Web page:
First, pundits with alarmist tendencies populate major media and popularized a “debt trap” without ample empirics. There is no doubt that Chinese aid generated debt trap crises that have plagued high risk countries. In a debt trap, a country loses its output to loan payments, costing the country an opportunity to expand its output. Overwhelmed by spiraling debt service and low growth, the host country eventually loses control of collateral assets to the lender. Using credit risk ratings and the International Monetary Fund’s debt sustainability analysis, the Center for Global Development (CGD) finds that 23 out of 56 countries show reasonable levels of risk to China’s BRI.

However, the risk of a debt trap appears to be low in the Philippines largely due to its BBB and BA1 credit ratings. Indeed, the World Bank argues that debt traps are avoided if projects generate output that outpaces debt. There is a strong domestic demand for infrastructures due to internal activities, which will surely generate a multiplier effect for the Philippine economy. A common criticism is that the Philippines could acquire Japanese Infrastructure Construction Agency (JICA) loans at less than one percent.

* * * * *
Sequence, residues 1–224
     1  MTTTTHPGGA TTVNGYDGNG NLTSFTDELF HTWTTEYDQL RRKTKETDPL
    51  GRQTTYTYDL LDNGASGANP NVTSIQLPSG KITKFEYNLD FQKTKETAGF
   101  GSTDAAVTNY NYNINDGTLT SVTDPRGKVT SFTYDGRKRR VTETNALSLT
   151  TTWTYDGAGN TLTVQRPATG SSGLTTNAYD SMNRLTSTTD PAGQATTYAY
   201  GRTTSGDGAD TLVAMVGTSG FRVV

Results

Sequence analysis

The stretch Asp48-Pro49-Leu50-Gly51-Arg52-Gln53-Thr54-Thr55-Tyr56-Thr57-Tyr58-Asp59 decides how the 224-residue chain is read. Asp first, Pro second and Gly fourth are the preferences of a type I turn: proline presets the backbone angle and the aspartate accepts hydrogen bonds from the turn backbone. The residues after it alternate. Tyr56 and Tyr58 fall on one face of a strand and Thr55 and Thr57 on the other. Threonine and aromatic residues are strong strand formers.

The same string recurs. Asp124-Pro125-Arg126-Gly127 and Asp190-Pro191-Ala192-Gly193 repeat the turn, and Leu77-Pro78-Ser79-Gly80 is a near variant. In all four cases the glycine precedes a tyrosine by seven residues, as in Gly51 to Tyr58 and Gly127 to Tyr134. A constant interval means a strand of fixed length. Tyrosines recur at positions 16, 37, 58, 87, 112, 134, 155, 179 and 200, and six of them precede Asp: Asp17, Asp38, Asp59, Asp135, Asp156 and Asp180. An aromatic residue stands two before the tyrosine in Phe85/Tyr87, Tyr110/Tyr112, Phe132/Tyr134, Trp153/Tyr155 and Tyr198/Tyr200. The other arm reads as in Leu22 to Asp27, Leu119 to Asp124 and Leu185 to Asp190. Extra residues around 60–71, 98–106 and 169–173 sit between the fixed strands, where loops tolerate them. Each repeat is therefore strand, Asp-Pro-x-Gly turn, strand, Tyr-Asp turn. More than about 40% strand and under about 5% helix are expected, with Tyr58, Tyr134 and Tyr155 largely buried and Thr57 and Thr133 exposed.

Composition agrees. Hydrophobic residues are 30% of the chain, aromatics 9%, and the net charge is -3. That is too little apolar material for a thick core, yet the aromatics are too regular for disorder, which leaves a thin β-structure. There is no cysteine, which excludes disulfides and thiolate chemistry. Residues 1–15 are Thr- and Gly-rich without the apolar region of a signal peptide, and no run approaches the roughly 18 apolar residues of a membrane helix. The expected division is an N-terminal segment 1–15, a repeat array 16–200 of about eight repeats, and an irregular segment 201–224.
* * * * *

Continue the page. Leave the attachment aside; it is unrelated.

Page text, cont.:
However, JICA or ADB loans comprise already of more than half of present loans since October 2016 while there are only 3 projects to be funded by China thus far. Additionally, Japan cannot possibly provide loans to all infrastructure projects due to borrowing limitations, expediency, and environmental requirements. While there are some concerns around Chinese loans, these must be assessed against the opportunity cost of not funding the project.